New Releases Tuesday: The Best Books Out This Week

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Erica Ezeifedi

Associate Editor

Erica Ezeifedi, Associate Editor, is a transplant from Nashville, TN that has settled in the North East. In addition to being a writer, she has worked as a victim advocate and in public libraries, where she has focused on creating safe spaces for queer teens, mentorship, and providing test prep instruction free to students. Outside of work, much of her free time is spent looking for her next great read and planning her next snack. Find her on Twitter at @Erica_Eze_.

It’s Tuesday, which means it’s time for new books! Here are a few of the books out today you should add to your TBR. This is a very small percentage of the new releases this week. Make sure to stick around until the end for some more Book Riot resources for keeping up with new books.

cover ov Chain Gang All Stars by Nana Kwame Adjei-Brenyah  

Chain-Gang All-Stars by Nana Kwame Adjei-Brenyah  

This is definitely one of our most-anticipated books of the year. With a premise that involves top women gladiators fighting for their lives within a corrupt prison system, it’s easy to see why. The author of Friday Black tells the bloody story of Loretta Thurwar and “Hurricane Staxxx,” two women who are friends, lovers, and popular Chain-Gang All-Stars. As All-Stars, they’ve fought against other prisoners in lethal battles to win shortened sentences through a highly contested program that’s run through the controversial Criminal Action Penal Entertainment organization in a (not so) alternative United States. Loretta nears the day she’ll finally be free, but the burden of all she’s done — and still has to do — weighs heavily on her in this damning look at America’s prison industrial complex and culture of violence.

cover of Clytemnestra by Costanza Casati

Clytemnestra by Costanza Casati

All the Greek retelling girlies, gather ’round. Here’s another great entry to the female-figure-from-antiquity-reimagined trend. Clytemnestra is a Spartan princess who is forced to marry the tyrant Agamemnon. After he ends up sacrificing their daughter to the gods, our girl Clytemnestra plots her revenge, and readers are treated to a nuanced examination of motherhood, survival, and loss.

cover of Soil: The Story of a Black Mother's Garden

Soil: The Story of a Black Mother’s Garden by Camille T. Dungy 

With the deft skill of a poet, Dungy writes a memoir centered around her seven-year journey of trying to fight against the homogeny imposed on her lawn by the mostly white Colorado community she lives in. Dungy connects the need for diversity in agriculture to the need people have in social structures, while decrying the consequences of its absence. This offers a different perspective from the usual narrative that sees writers becoming more in touch with the natural world.

cover of Jana Goes Wild by Farah Heron

Jana Goes Wild by Farah Heron

In this second chance romance, Jana is set to attend a destination wedding in Tanzania, and ready for the reset it’s sure to provide. But then she funds out her ex, and child’s father, Anil will also be there, and suddenly her plans are ruined. Even though he’s a good father, she can’t forgive him for what he did years ago. To distract herself, and show that she’s not sweating him, she comes up with list to get her juices flowing. She’ll perform karaoke, do dance routines for strangers, and generally let her guard down. But that makes her more susceptible to her still-lingering attraction to Anil.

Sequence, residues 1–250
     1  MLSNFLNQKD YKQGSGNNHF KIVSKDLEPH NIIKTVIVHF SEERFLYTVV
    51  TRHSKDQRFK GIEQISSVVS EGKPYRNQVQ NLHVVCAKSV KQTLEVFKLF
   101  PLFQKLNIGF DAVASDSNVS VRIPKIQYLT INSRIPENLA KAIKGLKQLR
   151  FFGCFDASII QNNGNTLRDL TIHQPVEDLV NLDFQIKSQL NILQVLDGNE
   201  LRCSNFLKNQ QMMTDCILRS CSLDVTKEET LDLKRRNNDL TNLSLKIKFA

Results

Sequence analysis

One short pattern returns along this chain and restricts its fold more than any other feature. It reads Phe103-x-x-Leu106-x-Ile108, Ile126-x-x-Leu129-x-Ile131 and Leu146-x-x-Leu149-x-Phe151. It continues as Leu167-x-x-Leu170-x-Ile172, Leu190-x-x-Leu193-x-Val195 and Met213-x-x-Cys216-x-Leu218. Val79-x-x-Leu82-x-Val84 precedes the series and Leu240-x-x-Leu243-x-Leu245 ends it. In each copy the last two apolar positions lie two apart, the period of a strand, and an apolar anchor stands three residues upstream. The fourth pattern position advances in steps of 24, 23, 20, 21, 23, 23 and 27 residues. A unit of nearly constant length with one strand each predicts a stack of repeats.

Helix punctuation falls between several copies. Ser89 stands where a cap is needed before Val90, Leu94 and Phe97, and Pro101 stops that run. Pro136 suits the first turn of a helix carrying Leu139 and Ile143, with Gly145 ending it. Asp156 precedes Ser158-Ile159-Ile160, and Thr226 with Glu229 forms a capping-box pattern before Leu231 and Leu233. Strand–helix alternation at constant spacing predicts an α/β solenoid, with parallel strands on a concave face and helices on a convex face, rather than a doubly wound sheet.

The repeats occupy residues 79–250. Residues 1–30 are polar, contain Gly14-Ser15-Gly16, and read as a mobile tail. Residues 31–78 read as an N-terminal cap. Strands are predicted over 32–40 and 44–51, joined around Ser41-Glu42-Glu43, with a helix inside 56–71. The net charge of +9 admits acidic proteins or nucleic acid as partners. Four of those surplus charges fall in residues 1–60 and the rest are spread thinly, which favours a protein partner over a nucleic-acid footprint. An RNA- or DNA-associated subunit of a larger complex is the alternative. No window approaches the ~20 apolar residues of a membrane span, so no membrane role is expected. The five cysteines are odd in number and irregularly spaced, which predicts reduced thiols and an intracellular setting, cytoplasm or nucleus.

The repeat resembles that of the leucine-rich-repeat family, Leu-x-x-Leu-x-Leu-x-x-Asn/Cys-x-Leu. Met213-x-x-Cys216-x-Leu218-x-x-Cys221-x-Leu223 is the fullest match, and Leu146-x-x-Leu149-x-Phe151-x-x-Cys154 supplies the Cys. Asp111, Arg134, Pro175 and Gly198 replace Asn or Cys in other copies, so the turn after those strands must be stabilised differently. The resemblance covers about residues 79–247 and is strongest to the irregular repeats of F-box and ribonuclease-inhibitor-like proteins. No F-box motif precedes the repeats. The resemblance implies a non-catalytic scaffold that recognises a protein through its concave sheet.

cover of Homebodies by Tembe Denton-Hurst

Homebodies by Tembe Denton-Hurst

Mickey Hayward, a young Black writer, leaves a messy life in Maryland to work in New York as a media writer. As a Black woman in media, she isn’t exactly treated well, but she at least has a caring and supportive girlfriend at home. But then she gets fired, and she thinks the manifesto she writes as a result will expose the racism and sexism inherent to the industry and change it for the better. Except it doesn’t. It goes by barely noticed. It takes her moving back to Maryland in a fit of self doubt and a media scandal to give her the spotlight she wants. Question is if it’s really want she wants, after all.

cover of We Don’t Swim Here by Vincent Tirado 

We Don’t Swim Here by Vincent Tirado 

After the banger that was Burn Down, Rise Up, Tirado is back with another haunting YA novel that centers a community affected by injustice. Bronwyn is stuck in the rural town of Hillwoods while her father gets her dying grandmother’s affairs in order. Despite having a cousin in the town who’s the same age, Bronwyn starts feeling increasingly isolated. She’d turn to swimming — a sport she hopes to compete in at an Olympic level one day — but everyone in town keeps warning her against it. Her cousin Anais tries to protect Bronwyn and herself from the darkness of Hillwoods, but both girls soon find out that the town’s lore is reality and is even connected to their family.

Other Book Riot New Releases Resources:

  • All the Books, our weekly new book releases podcast, where Liberty and a cast of co-hosts talk about eight books out that week that we’ve read and loved.
  • The New Books Newsletter, where we send you an email of the books out this week that are getting buzz.
  • Finally, if you want the real inside scoop on new releases, you have to check out Book Riot’s New Release Index! That’s where I find 90% of new releases, and you can filter by trending books, Rioters’ picks, and even LGBTQ new releases!